The IBVM (Institute of the Blessed Virgin Mary) was founded by Mary Ward, a Yorkshire woman, who lived during the civil unrest which followed the Reformation, when Catholics in England were suffering persecution for their faith. Mary was born in 1585 into a rich and influential Catholic family, who, like many others on both sides of the conflict between the Reformers and Rome, put more value on the right to practise one’s religious beliefs than on status and comforts. She was only one year old when Margaret Clitheroe, a married woman with children, was martyred for her faith in York City. Her own Grandmother, Ursula Wright, spent many years in prison for her faith. Resistance took many forms: her two uncles, John and Christopher Wright, number among the group of men involved in the Gunpowder Plot in 1605. Mary was then 21 years of age. While equally passionate about her faith, she chose a different way…
As a child, Mary was constantly on the move, staying with relatives in remote parts of Yorkshire.
O Parent of Parents and Friend of all Friends. You took me into your care. – Mary Ward’s prayer
While with her cousins, she first heard about religious life and felt a deep desire to give herself to God in this way. It was here too that she came to the realisation that any relationship with God must be based on freedom; that fear and guilt were not from God, and she promised herself that she would “do these things (religious practices) in love and freedom or leave them alone.”
I discovered the Freedom one should have to refer all to God. – Mary Ward
This was a time when the prevailing opinion in the church was that the only option open to a woman was marriage or entry into an enclosed order. So despite opposition from her family and many suitors for marriage, Mary entered the Poor Clare Convent in St Omer in Flanders. However, there she was assigned to a life of door-to-door begging, and while this gave her an experience of poverty and oppression, she realised that this was not the life that God willed for her. Continually desirous to do something for her beloved country, she founded her own Convent of Poor Clares for English women, again in Flanders, for it was an impossibility at home. Although this flourished, it was shown to her that this was not her way either. Mary left and by the age of 24 she was back in England.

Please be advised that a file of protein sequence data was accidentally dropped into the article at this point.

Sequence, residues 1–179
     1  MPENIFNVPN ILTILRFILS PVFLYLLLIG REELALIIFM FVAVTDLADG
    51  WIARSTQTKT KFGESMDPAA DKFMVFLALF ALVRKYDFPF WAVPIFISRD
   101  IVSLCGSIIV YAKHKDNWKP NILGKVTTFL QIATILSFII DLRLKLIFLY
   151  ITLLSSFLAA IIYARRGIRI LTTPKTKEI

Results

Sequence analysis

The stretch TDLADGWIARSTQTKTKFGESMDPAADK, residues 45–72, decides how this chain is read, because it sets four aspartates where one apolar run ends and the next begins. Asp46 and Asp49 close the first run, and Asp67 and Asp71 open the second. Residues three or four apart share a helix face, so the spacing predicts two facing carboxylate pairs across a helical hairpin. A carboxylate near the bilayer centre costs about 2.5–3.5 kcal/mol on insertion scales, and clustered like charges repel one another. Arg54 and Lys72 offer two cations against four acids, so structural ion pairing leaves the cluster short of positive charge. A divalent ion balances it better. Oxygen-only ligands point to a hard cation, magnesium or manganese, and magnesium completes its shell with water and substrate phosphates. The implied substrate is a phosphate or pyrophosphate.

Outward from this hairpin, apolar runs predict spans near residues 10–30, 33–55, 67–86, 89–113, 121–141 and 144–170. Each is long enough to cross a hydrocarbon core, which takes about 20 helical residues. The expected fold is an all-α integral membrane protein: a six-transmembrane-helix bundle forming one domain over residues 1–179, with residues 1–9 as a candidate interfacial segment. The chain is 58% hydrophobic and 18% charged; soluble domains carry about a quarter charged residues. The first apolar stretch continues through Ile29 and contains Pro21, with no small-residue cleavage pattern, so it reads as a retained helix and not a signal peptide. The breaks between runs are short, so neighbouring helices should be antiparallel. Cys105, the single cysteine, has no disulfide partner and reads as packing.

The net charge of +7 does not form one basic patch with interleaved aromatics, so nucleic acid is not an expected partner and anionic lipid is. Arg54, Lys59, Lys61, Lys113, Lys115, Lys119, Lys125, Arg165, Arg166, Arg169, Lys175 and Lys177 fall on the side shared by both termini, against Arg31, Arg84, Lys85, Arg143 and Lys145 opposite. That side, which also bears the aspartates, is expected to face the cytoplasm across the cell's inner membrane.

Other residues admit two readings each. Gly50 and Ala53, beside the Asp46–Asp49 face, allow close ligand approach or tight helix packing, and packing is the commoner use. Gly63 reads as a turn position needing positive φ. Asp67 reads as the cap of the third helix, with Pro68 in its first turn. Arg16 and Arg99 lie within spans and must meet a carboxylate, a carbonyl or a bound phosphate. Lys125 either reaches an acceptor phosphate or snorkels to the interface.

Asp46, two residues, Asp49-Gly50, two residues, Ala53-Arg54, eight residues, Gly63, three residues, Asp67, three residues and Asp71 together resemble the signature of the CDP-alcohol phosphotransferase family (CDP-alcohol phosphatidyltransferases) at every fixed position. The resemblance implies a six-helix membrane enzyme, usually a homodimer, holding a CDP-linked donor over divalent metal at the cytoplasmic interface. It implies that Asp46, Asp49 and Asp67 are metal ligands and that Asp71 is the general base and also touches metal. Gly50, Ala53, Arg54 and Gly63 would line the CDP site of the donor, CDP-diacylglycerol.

In 1609, while in her London lodgings, and combing her hair in front of a mirror, Mary had the realisation that “something other was determined for me. I did not see what the assured good thing would be, but the glory to God which was to come through it, showed itself inexplicably and so abundantly as to fill my soul in such a way that I remained for a good space without feeling or hearing anything but the sound ‘Glory, Glory, Glory’.”
The way forward was far from clear. She returned to St Omer with a few companions who shared her vision, and opened a boarding school for English girls and a day school for the children of the town.
“…our companions few in number; diverse in talent
and temperament, one in mind and heart, together in
work and prayer, sought to sift our vision and discern
God’s will. One thing at least we were resolved upon:
no half-measures and no ‘half-women’, but a whole-hearted
dedication to the formation of whole persons.”
(Mary Ward, 1609)
In time, she is given to understand by God that she is to ‘Take the same of the Society’ (The Society of Jesus). Hers is to be the way of the Jesuits, embracing the same pathway to God. The aim was to give glory to God through their work of service in the Church, caring for and spreading the faith through education and other apostolates. The essential qualities which she saw to be the foundation for those called to their way of life were to be:
Freedom, Sincerity, Justice
As Mary’s companions grew in number, her Institute flourished throughout Europe. She continued to open schools for girls in response to requests from civil leaders, at a time when educating women was seen as extraordinary.
“..that we be as we appear and appear as we are.” (Mary Ward, 1615)
Her prophetic vision was too radical for Church authorities. Three times she walked to Rome to ask the Pope to recognise the Institute: a religious order not enclosed, whose members elect their own leaders and who wear the dress of the day. She had many enemies, however, within the Church as well as outside it, and Mary was imprisoned for a time as a heretic, while her fledgling order was suppressed. She continued to pray for her enemies and to trust in God, convinced that “women in time to come will do much.”
‘the pretended Congregation of women called Jesuitesses
and their sect and state was and is from its beginning null and void
and of no authority or importance,…
we totally and completely suppress and extinguish them,
subject them to perpetual abolition
and remove them entirely from the Holy Church of God.’
(from the Bull of Suppression, 1631)
Love and speak the truth at all times. – Mary Ward
Mary returned to York in the midst of the Civil War, and died there in 1645. Her last words were of encouragement to her companions, urging them to cherish God’s vocation in them, “let it be constant, efficacious and loving.” Ironically, due to historical circumstances, she is buried in the graveyard of an Anglican Church in Osbaldwick, York.
Mary Ward’s Tombstone reads:
To Love the Poor
persevere in the same
live, die and rise with them
was all the aim of Mary Ward,
who, having lived 60 years and 8 days
died the 30th of January 1645
Official approval of her Institute came slowly. In 1951 Pope Pius XII acknowledged her in these words: “… that incomparable woman, whom at the direst and bloodiest era, Catholic England gave to the Church.”
The Constitutions for which she asked the Pope in 1631 were only granted to her sisters in 1978.